But what is it about the Mihrab? The Mihrab is often found colonized with Islamic decorative symbols. Aniconic representations, geometrical patterns, vegetations, and calligraphy are some of the elements that usually cloak the concave niche, allowing it to reclaim its religious identity. However, deprived of mathematical geometry or any aniconic representations, the only element related to the architecture of the Mihrab that survived in Al Najem’s paintings is the dominating symmetry, which ultimately reads as an equilibrium within human spirituality. The symmetry here leaves a predominant effect in the viewers, it indicates, directs, and creates a united focal point. 



“The only element related to the architecture of the Mihrab that survived in Al Najem’s paintings is the dominating symmetry, which ultimately reads as an equilibrium within human spirituality.”


-Athoub N. Al Busaily


Is that unapologetic, luring symmetry on the surface what indeed conceals the subliminal messages in Al Najem’s paintings? What lies behind the surface is a dense thought process, filled with irony and wit, but what one encounters are softness and lovable characters. The shockingly friendly figures are placed at the center of the Mihrab. Both cultural and religious figures are being deprived of a foreground that anchors them, instead, a calming floatation is what draws the balance between them and the background.


Mihrab #2, #14 & #9 by Salman Al Najem. Artwork images courtesy of Hady Elcott and Noor Althehli via Engage 101.

We witness a sort of transient state that only exists through devotion and worship. When it comes to composition the following exchange takes place,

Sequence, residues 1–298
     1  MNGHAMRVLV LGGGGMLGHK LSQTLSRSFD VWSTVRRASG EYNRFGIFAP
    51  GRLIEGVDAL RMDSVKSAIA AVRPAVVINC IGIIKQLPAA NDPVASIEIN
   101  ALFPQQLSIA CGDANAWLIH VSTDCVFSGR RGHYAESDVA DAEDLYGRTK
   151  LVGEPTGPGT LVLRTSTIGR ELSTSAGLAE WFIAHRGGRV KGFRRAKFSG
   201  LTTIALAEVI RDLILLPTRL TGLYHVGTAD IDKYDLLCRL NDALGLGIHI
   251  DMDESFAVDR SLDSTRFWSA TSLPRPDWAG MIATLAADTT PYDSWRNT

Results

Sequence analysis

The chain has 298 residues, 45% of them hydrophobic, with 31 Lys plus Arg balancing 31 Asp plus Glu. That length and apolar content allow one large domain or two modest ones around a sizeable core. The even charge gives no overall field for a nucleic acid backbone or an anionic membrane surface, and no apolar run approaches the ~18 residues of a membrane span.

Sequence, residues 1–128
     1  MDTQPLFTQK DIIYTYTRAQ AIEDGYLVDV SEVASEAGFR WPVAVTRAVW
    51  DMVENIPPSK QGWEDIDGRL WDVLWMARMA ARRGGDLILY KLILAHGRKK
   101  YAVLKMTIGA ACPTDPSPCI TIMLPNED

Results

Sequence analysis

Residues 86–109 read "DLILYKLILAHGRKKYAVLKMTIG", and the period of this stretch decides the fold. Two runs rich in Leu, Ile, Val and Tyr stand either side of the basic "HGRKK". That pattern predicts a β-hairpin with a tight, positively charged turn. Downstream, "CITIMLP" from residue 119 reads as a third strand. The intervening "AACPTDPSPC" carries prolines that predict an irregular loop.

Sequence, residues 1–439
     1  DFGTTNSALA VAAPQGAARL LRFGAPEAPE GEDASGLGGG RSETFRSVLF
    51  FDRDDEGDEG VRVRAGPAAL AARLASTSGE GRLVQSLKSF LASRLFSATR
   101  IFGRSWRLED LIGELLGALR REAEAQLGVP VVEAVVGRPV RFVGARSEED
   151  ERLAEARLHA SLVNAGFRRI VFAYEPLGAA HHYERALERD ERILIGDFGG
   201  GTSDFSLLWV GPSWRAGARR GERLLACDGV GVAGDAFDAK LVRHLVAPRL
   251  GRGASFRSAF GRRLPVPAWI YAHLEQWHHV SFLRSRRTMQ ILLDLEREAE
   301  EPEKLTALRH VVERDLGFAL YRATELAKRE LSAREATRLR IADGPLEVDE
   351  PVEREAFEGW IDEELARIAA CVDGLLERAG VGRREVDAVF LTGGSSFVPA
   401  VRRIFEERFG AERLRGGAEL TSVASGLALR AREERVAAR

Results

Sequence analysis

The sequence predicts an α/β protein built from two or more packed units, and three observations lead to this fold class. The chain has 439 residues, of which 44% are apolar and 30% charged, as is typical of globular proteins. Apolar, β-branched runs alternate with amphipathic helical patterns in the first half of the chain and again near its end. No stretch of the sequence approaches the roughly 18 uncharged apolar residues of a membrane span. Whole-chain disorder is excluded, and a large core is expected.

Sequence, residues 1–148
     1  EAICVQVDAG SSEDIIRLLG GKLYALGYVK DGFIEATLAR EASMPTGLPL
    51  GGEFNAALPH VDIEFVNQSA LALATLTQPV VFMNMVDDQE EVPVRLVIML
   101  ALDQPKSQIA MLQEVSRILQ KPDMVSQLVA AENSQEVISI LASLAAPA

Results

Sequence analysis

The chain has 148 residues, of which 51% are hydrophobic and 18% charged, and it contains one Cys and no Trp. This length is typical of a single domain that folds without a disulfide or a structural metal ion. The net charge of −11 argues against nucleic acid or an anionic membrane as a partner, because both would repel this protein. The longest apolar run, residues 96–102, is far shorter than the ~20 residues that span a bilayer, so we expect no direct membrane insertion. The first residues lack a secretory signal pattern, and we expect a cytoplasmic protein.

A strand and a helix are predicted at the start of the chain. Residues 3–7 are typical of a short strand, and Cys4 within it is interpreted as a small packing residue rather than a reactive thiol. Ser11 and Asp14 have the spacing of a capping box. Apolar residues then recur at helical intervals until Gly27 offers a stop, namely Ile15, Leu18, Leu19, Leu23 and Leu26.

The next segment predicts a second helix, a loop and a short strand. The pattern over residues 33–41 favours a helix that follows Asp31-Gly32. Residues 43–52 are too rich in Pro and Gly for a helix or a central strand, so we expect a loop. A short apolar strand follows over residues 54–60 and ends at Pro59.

A.B.: Your Mihrab is not how it is in “real life”, it is not an object of ornament,  there’s no iconography or decoration, only colors. It reminds me of how when we look at the sun, the inside of our eyelids pick light and transform it into an intangible wash of colors. Your figures are drawn with careful observations, however, there’s an absence of details in the Mihrab. Why did you choose to have those two ends of the spectrum?

S.N.: The thing about the sun is that it was one of the starting points for this work. I have always wanted to make paintings of what it looks like when you close your eyes. I wanted to create an ethereal world that doesn’t exist. Not bound to the rigidity of this one. I wanted the characters to seem as though they’re floating in space, a space that doesn’t exist, a liminal space that is not found in this reality. That’s definitely the reason why I did this, I wanted the tension that comes with the less concrete background. We can argue and say there’s no foreground, it is not standing, or sitting it’s just floating. There’s no depth, the depth is in the absence of depth.